SACRAMENTO (AP) — In a final weekend of campaigning, Gov. Jerry Brown is asking everyone from cafeteria workers to venture capitalists for help in pushing his struggling $6 billion tax increase across the finish line.
The Democratic governor made two appearances in Los Angeles on Saturday in which he praised the thousands of volunteers who are part of his final statewide effort to sway undecided voters and boost turnout for Tuesday's election.
Recent public opinion polls show a narrow path to victory for Proposition 30, which would help close California's budget deficit by raising the state sales tax a quarter cent for four years and hiking income taxes for seven years on those making more than $250,000 annually.
The measure will have a deep impact on Brown's legacy and failure could mean additional cuts for California's public universities and grade schools.
In pep talks to precinct walkers with Service Employees International Union and phone bankers working with the community group Inner City Struggle, Brown emphasized the importance of grassroots involvement.
"This is a coming together of individual people to counteract the millions and millions of dollars of billionaires and others who evidentially don't care as much as you do about the schools in California," he told the SEIU volunteers. "With your support, we're getting the word out."
Courtni Pugh, Executive Director of SEIU local 99, said Brown's visit was an inspiration to her members, many of whom drive buses, clean floors and serve lunches in Los Angeles public schools.
"We had members who took six buses here today to knock on doors for hours, and to see the governor say he's doing this for them and for the kids was great fuel for the next few days," she said in a telephone interview.
In Sacramento Saturday, teacher and labor unions launched a final voter participation push in support of Proposition 30. In the Central Valley, the progressive group California Calls was kicking off a similar four-day effort.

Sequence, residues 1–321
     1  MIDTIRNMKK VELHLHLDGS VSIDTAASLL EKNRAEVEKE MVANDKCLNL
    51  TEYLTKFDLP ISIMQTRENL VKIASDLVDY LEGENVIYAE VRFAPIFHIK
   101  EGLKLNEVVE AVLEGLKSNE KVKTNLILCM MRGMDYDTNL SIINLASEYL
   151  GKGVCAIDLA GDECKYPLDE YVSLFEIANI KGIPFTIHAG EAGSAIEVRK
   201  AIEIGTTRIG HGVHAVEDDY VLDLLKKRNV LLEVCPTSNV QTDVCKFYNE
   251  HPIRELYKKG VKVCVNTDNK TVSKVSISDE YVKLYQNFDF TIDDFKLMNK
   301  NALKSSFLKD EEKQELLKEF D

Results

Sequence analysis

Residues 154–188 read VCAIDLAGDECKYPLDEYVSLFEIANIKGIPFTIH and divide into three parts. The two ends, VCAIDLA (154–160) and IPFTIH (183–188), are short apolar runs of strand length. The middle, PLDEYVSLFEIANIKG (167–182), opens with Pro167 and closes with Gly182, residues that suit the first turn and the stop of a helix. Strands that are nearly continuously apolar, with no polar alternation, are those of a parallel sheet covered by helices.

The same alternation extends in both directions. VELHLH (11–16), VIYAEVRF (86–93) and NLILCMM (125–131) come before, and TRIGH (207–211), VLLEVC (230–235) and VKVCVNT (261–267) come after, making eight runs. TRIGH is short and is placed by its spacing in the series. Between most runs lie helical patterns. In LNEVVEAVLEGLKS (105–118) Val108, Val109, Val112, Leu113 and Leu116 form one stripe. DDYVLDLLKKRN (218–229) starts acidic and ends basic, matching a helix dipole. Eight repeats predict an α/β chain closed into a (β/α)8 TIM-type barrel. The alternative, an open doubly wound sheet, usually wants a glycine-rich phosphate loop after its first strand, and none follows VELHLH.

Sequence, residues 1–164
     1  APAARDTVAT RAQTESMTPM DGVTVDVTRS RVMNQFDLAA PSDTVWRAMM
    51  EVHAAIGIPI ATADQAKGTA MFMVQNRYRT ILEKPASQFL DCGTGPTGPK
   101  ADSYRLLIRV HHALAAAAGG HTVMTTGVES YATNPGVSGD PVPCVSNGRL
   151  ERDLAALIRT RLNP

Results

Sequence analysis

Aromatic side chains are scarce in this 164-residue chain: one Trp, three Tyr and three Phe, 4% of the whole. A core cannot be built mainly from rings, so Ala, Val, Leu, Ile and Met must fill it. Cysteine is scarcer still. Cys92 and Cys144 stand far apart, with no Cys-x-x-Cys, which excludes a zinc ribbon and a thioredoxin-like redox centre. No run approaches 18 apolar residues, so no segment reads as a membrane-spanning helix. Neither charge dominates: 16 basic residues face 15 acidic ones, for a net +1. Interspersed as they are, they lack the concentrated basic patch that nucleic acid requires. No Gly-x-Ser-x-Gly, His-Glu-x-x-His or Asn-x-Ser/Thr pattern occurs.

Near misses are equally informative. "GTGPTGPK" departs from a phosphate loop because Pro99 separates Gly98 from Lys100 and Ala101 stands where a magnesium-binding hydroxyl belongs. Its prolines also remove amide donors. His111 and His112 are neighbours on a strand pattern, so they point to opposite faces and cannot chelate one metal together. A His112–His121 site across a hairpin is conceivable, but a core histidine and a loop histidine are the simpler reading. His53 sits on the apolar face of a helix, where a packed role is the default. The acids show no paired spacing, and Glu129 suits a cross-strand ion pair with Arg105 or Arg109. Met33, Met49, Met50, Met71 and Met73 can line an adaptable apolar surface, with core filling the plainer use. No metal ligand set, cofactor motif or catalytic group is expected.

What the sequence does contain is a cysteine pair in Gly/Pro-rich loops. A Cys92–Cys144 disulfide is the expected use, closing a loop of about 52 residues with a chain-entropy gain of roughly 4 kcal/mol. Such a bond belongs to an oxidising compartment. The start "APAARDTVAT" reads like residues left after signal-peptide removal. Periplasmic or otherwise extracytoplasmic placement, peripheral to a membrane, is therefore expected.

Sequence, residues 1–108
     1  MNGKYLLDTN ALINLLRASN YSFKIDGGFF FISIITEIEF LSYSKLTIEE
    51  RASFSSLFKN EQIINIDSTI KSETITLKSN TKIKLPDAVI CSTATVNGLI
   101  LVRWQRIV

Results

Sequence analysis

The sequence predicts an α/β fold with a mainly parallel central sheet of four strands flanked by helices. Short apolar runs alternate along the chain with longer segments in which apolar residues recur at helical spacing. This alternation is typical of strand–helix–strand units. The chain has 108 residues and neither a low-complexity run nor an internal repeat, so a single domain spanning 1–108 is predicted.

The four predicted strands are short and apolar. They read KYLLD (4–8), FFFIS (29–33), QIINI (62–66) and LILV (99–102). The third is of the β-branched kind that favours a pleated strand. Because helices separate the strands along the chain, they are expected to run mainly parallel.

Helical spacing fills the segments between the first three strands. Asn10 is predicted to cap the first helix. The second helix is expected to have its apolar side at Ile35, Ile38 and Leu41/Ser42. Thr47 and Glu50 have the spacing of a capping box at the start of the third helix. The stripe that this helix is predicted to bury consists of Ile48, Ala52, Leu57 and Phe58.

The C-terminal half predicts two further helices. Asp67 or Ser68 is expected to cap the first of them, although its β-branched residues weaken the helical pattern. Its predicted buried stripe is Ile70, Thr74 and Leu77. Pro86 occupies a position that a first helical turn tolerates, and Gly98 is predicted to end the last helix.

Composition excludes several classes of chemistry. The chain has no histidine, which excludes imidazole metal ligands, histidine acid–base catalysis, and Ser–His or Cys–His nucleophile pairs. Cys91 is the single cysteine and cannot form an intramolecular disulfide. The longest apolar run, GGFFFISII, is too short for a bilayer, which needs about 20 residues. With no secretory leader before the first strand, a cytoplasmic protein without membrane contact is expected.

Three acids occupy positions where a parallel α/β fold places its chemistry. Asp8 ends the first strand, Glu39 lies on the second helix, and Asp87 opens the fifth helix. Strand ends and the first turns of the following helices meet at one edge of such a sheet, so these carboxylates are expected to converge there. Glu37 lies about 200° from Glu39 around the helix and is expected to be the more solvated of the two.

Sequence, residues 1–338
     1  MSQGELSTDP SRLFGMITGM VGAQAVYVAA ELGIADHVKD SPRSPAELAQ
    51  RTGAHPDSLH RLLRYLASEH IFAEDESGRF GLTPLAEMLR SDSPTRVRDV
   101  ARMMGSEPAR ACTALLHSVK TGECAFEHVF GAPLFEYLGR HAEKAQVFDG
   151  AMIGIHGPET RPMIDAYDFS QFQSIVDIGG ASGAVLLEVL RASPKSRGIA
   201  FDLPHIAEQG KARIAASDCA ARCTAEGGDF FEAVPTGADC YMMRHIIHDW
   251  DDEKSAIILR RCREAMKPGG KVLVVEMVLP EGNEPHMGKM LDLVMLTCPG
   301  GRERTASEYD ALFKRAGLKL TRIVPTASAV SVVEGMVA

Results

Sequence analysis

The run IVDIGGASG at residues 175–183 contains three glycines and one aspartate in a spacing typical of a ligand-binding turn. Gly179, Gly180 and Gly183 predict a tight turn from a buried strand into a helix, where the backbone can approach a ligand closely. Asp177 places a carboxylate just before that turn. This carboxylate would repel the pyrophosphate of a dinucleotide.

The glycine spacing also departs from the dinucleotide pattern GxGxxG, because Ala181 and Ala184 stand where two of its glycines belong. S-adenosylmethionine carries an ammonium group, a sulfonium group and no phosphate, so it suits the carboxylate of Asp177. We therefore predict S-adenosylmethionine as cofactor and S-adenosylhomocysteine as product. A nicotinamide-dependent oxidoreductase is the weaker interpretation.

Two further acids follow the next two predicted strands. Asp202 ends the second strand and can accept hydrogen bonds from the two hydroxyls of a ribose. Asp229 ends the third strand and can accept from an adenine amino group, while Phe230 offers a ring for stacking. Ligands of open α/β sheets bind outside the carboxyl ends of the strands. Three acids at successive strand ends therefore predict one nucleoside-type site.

As the Proposition 30 campaigning has intensified, the pool of available votes has been shrinking. An estimated 3.5 million voters have already cast their ballots by mail.
Supporters see reasons for optimism in the changing composition of the electorate.
California reached a record number of registered voters this fall, with the majority signing up through the state's new online system. Voters who registered online tended to be younger and lean Democratic.
On Friday, Brown addressed the criticism that a new tax on high-income earners could spur job creators to flee the state. Speaking at the Silicon Valley Leadership Group's annual public policy lunch, he cited a study that found millionaires are more likely to leave California because of marital problems.
"What it says is the biggest factor in millionaires moving out of California is divorce," Brown said, as reported by the San Jose Mercury News.
While support for tax initiatives tends to drop as Election Day approaches, Brown has encountered more roadblocks than he originally anticipated, including a rival tax measure by wealthy civil rights attorney Molly Munger and a robust opposition campaign funded in part by her brother, Charles Jr., and an anonymous $11 million donation from an Arizona group.
Opponents say the additional tax revenue would be subject to the whims of Sacramento politicians, and would not necessarily improve education.
A Field Poll released Thursday found support for the initiative had slipped to 48 percent in favor, with 14 percent still undecided.
On Saturday, Brown acknowledged the role these wavering voters will likely play in swinging what appears to be an exceedingly close race.
"The surveys look good, but we're not there yet," he said. "There are a few people who are undecided and we've got to get the word out."
Brown held off on launching his ground game until late October, citing gubernatorial duties. But for the past two weeks, he has joined his supporters in scourging for every available vote with a steady stream of rallies and media events.
He has announced visits to four area churches on Sunday, and on Monday, he is expected to hopscotch through five cities, including San Diego, San Francisco and Sacramento.
High school student Kristian Cardenas, 17, said Brown's appearance at Inner City Struggle showed that the 74 year-old governor cares about the plight of students. Cardenas said class sizes have nearly doubled at his downtown Los Angeles school this year because of teacher layoffs.
"Prop 30 is important to me because I want more money to go to our schools," he said in a telephone interview. "I have cousins and I don't want their classes to be this packed."